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Sustainable Agriculture 1.0

Reinventing Agriculture for a multi-planetary civilization

After spending more than a month in the country side in the Northern Lazio region, Italy and being surrounded by agricultural fields used for growing corn, sunflowers, and wheat; It became almost inevitable that an ambition would spark that regards these human activities. It is interesting how it is known to every single person in the world, even to the poorly educated, that plants produce oxygen and play a crucial role in balancing the Earth’s ecosystem. Yet, agriculture, is a human activity that produces 1/3 of all CO^2 emissions and significant amounts of other greenhouse gasses such as methane. It also degrades soil, and as human populations grows, bigger amounts of lands become no longer suitable for agriculture due to the excess of exploitive practices that humans have introduced. There is fear that we might one day run out of land and a catastrophe would most likely be inevitable.

Humans have been practicing agriculture for more than 10’000 years. Ever since we introduced new tools, technologies, and techniques that allow us to carry out these practices more efficiently. With machinery, biotechnologies, and automation, we no longer have a civilization where the majority of individuals raise crops. Developed countries now have less than 0.1% of their population growing food, while the rest of the population has become a victim of urbanization (among many other positive and negative factors). With such a small fraction of people working in agriculture, we don’t have enough minds that explore new ways of growing our food—with the exception of a few multinational conglomerates who seek to monopolize all seeds growing on Earth.

With an abundance of technology and knowledge under our disposal, we have an ability to re-engineer agriculture into a more sustainable form. If we master this technology, we will become a civilization that would be capable of terraforming other planets like Mars, into habitats that would increase the chances of mankind’s survival. If we want to become an interplanetary species, we must introduce practices that give the environment more than it gives to us. Energy and resources are expensive and we must learn how to re-use and replenish them. This is crucial because even our Sun would one day burn out and no longer provide us with energy. But if we no longer have fields on which to grow food, it will be a situation no better than the sun burning out.

Before tackling the problem, I decided to split everything into 3 parts where each one can be tackled with separate areas of technical practices:

  1. Labour and Mechanization
  2. Compost and Reusability
  3. Waste and Sustainability

Labour and Mechanization

The technologies and practices that are under our disposal will soon become easily implementable into this area. We can use automated mechanization powered by electricity that decrease the amount of labour and allow farmers become not just machinery operators but also bioengineers. A farmer would no longer be a profession composed of old farm practices. A farmer should become a highly fashioned specialist who knows how to use technology and biotechnology to create a sustainable practice for the future of our civilization.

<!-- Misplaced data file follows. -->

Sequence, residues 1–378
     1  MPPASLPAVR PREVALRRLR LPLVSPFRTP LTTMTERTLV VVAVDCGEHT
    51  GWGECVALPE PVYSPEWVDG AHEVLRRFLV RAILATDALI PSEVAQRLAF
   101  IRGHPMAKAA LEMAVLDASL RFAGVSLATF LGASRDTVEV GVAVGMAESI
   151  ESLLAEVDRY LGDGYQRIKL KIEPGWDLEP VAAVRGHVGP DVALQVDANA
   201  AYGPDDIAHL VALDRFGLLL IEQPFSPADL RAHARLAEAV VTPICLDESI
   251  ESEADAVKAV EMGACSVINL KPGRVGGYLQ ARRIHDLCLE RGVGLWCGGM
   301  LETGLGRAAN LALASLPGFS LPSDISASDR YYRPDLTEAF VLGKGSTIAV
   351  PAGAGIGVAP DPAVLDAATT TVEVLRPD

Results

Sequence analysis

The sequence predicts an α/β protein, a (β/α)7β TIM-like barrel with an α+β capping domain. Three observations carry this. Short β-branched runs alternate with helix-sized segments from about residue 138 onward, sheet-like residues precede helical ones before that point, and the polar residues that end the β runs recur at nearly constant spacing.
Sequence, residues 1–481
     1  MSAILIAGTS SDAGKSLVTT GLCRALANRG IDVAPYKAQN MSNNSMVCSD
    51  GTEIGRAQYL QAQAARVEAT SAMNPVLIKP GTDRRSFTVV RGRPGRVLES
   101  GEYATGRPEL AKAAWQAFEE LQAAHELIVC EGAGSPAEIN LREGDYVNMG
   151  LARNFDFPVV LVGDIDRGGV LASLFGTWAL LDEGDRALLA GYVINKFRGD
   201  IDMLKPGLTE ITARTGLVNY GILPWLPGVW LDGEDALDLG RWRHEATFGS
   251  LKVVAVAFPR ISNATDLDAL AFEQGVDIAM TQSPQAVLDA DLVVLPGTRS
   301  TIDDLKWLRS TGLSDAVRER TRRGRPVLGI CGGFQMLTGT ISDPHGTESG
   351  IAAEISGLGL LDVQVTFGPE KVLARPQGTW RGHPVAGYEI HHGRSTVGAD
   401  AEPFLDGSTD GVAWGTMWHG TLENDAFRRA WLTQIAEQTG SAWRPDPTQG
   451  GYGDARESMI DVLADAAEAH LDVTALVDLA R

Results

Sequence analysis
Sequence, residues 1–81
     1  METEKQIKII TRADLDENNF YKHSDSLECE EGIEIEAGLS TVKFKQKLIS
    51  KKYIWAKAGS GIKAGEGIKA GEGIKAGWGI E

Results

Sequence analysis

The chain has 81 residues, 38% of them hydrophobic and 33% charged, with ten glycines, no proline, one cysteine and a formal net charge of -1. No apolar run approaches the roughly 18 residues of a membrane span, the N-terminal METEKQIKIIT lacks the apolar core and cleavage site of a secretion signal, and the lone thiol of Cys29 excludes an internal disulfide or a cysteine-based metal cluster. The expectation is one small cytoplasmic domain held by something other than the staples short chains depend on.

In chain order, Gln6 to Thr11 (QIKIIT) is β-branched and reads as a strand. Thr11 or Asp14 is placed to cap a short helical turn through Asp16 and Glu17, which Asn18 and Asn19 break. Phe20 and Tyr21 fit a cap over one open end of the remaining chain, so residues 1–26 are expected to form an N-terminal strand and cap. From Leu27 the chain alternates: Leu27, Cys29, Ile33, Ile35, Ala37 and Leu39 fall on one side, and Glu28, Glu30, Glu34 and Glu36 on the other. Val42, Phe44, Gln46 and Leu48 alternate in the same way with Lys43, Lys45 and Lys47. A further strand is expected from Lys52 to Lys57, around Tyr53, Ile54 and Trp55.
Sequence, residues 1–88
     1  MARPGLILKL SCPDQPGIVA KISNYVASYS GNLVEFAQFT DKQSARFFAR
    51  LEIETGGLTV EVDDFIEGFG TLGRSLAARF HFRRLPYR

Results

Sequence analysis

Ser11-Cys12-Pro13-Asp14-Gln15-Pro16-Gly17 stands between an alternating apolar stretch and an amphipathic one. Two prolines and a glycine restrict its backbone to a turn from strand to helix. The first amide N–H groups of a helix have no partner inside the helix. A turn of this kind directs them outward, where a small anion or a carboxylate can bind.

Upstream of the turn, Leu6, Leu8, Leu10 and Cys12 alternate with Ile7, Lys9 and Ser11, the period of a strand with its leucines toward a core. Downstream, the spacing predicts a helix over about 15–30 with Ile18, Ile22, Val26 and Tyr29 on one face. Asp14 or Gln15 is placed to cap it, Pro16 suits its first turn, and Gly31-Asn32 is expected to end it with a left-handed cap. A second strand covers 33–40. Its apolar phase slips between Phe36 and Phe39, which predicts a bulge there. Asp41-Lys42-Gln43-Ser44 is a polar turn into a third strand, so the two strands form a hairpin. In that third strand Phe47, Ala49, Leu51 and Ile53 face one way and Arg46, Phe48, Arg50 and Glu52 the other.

Various robotics, computing, and image recognition technologies will allow a new ways of monitoring the performance of plant growth, even down to a single plant if necessary. These technologies would also be capable of assessing the performance of the crop and tracking the environmental impact as well as the crop’s yield.

Compost and Reusability

This is an area that will seek to solve the problem of soil degradation. A cycle must defined that will outline in detail the organic compounds a plant needs that allow it to stay healthy and productive. Fertile soils that have an abundant amounts of nutrition and bacteria, produce the healthiest types of crops. It is important to pinpoint and study the exact substance that benefit the health of the crop. Following which, new practices that don’t exploit the soil’s fertility and avoid its degradation can be defined. By studying multiple types of crops, it would also be possible to pinpoint which crops produce which specific substance and construct a complex web of inter-usability.

Waste and Sustainability

This is an area that has the potential to transform the role that agriculture plays in the Earth’s carbon cycle. For this to happen, we must invent techniques that would allow us to fossilize carbon in the most efficient way as apposed to releasing it back into the atmosphere. This can be achieved by breaking down compounds down to the molecular level, and transforming carbon into granite or calcium carbonate (CaC^3^O).

More research is necessary to explore what is feasible, and what is not. If however humanity succeeds in this area, agriculture has the potential of no longer be source of carbon emissions but a source that can photosynthesize and produce oxygen. Other organic compounds that ends up as waste, should also be tackled in a similar manner. If a chemical compound cannot be reused and it has the potential to harm the environment, it must either be fossilized or broken down into chemical compounds that are less harmful for the environment.